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268

If you are developing a Windows application, the correct term to use is "Exit". This is spelt out in Microsoft's Design apps for the Windows desktop guide, under the "Standard Menu Bars" section. If you are developing a Mac application, the correct term to use is "Quit". (Your menu item must read "Quit AppName".) This is spelt out in Apple's OS X Human ...


56

The Terms The following table summarises the conventional terms, which are platform dependent. On Windows, you run an application, then exit it. Ditto for Unix command line tools. However, both old documentation and pretty much all windows 8 documentation uses Open/Close. On a Mac (which deep inside is Unix-based) you open an application, but then quit ...


22

Ariel is on the right track. Uppercase letters are generally much more distinguishable from each other. L won't get mixed up with 1 or the lower case l, as Ariel mentioned. If you look around, you can find a mixture of upper and lowercase, but from the user perspective, typing in a mixture can be cumbersome. So to make it more user friendly, keep it in one ...


18

Exit I don't know if your user base is international but I guess it is of varying levels of English and varying levels of IT skills. Exit is universal for leave, quit and go away (remember not everyone thinks like us geeks!) Take these users: The grandma who has just got her first laptop I want this to go away ... quit [negative connotations, implies it ...


16

It might be a good idea to provide the percentage as additional information if applicable, and display the absolute changes instead, e.g. +9 (900%) but then leave it out if not applicable +10 This way a user recognises that there was a change and also gets an impression on how much has changed relative to the previous number.


15

To create connection between image and description use the proximity principle from the set of Gestalt principles, giving less space to connect the elements and more space between chunks of information to separate. This gives good results both for above or below description placement. To support information consumption flow, exploiting human's percertion, ...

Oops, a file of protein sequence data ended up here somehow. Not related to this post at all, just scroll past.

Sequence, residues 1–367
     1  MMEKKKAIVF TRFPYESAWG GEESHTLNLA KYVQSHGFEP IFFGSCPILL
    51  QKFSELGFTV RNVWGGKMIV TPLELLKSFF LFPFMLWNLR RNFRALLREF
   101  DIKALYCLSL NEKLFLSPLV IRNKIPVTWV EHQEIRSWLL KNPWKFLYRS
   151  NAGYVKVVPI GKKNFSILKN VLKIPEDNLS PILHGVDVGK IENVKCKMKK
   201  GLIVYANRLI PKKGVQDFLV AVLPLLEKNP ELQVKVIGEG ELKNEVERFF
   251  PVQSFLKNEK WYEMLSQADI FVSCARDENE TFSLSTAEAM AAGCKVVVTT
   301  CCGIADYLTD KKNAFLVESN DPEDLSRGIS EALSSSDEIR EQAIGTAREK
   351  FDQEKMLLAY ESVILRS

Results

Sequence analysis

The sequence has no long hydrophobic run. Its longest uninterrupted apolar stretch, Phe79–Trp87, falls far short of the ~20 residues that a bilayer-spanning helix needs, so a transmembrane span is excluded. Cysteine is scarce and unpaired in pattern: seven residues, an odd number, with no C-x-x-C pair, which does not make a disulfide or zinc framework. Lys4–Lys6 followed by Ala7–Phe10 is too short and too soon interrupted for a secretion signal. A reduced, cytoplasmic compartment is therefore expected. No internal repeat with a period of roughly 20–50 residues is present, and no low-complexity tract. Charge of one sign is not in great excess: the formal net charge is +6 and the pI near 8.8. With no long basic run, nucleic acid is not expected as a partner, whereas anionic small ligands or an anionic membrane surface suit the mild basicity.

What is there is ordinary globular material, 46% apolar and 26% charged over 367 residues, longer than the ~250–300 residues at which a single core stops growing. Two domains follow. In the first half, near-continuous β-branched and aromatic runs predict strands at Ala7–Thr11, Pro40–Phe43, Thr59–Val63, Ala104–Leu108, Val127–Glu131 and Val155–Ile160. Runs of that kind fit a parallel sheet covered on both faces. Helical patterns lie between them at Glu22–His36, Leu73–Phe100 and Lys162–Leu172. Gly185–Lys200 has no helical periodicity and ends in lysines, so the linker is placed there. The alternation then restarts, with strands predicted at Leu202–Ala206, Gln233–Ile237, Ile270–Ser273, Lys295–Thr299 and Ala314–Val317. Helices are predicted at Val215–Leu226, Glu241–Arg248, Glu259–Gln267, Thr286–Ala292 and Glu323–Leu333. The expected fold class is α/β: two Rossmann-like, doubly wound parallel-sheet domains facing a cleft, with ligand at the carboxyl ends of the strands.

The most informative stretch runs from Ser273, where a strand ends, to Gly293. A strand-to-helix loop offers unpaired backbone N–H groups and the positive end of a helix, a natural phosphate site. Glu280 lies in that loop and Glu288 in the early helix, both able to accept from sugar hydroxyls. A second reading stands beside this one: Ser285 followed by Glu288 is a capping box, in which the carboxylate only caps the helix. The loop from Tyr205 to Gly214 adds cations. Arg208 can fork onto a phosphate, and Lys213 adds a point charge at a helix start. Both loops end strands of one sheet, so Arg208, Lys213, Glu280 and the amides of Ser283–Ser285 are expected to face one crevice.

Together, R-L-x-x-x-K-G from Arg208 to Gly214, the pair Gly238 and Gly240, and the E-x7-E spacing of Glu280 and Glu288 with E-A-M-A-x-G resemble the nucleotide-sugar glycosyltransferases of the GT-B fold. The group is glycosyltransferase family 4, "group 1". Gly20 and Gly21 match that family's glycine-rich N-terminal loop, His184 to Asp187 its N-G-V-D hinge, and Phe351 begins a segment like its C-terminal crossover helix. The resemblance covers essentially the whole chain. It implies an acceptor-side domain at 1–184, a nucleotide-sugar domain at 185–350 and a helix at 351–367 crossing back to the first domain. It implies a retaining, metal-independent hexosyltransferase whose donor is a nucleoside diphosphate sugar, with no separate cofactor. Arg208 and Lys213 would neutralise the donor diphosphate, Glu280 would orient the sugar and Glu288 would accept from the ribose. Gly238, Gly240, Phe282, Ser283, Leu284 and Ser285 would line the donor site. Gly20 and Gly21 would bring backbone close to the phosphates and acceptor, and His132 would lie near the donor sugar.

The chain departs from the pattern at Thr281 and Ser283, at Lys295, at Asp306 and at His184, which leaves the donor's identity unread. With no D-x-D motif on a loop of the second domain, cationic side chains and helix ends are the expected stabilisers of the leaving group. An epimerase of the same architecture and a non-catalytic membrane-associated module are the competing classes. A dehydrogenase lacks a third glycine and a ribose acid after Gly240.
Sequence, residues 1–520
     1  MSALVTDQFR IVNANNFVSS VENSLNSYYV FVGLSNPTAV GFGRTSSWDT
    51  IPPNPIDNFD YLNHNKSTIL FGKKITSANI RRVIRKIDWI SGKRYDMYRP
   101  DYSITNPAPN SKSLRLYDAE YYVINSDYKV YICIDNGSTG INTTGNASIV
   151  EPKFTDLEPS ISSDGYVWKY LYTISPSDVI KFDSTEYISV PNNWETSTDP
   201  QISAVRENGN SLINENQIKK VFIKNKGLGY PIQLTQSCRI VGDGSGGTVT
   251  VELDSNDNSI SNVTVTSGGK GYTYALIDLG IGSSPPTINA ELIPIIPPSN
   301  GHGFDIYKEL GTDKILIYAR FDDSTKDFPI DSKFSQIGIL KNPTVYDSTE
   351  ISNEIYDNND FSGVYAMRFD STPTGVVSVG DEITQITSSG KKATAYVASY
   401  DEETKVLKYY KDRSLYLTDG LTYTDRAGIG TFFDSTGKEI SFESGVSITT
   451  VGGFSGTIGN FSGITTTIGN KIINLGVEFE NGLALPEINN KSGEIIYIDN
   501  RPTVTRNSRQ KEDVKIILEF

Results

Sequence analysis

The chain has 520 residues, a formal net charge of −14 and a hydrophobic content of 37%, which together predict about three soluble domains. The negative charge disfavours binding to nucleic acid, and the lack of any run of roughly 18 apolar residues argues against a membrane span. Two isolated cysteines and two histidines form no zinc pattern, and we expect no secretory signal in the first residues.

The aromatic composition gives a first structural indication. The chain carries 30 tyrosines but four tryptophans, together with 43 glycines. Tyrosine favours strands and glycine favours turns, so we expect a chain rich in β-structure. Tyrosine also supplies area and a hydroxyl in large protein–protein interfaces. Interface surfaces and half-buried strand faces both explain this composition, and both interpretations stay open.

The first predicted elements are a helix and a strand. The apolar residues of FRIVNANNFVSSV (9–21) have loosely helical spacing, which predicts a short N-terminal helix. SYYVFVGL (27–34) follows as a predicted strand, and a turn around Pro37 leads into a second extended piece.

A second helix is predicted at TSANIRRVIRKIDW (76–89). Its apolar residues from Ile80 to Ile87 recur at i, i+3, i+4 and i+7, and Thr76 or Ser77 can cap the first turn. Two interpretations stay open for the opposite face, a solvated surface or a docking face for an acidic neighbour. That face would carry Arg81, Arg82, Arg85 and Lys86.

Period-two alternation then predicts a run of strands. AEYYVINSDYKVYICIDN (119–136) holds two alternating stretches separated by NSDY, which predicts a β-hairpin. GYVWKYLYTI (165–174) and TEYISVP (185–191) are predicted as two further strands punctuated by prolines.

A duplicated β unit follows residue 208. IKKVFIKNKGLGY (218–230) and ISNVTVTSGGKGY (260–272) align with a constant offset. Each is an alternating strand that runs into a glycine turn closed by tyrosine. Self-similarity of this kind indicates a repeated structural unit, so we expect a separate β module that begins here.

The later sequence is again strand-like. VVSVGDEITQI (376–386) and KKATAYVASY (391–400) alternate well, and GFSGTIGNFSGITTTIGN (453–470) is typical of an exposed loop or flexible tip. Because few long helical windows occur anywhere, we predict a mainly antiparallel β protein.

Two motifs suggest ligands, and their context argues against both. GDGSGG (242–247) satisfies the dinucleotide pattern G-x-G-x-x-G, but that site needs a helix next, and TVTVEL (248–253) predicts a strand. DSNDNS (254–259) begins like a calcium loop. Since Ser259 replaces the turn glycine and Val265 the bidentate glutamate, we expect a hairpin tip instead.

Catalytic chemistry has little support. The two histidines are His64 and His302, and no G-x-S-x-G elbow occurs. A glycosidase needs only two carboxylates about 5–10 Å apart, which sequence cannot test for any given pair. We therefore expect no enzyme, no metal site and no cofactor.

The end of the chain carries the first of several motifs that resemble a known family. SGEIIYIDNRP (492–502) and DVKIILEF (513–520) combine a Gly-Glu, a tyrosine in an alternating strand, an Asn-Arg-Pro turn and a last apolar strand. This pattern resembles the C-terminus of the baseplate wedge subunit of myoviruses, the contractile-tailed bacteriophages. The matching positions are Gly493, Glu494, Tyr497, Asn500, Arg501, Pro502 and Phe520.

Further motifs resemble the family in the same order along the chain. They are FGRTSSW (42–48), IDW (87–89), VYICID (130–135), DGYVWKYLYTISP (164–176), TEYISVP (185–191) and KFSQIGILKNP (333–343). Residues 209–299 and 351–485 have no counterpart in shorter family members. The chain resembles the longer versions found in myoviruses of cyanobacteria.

11

I think the following micro-changes could improve your current design. Remove gray frame around the icon. Vertical lines of the frame "activate" the Gestalt principle of continuity and limit the space for text inderneath the icon, see red lines on the picture. Use the whole word to describe an icon when possible. I'm not native English speaker, and Con is ...


11

If you don't want to leave off the percentage, then what you show depends on your data. If your data constantly fluctuates between 0 and 1 or similar small numbers, showing the increase as 1,000% is misleading. In the same way, values that are often in the millions with a sudden 0 value only showing a 100% decrease may not be helpful. Mathematically, no ...


9

There is actually research about this topic: http://www.opticsinfobase.org/oe/fulltext.cfm?uri=oe-6-4-81&id=63459 "Both text contrast and background contrast variation affect text readability. Background variation effects were only seen when the text contrast was low. Greater effects of background variation would be expected if larger background ...


8

Man, when you asked that question, I thought you meant a Web 1.x monstrosity. I'm not sure there's a hard and fast rule on this but, generally speaking, that's what we would call light noise. My concern wouldn't be with the level of contrast, but with looking somewhat dated. Basically, as soon as Apple declared skeuomorphism to be a thing of 2012 and thus ...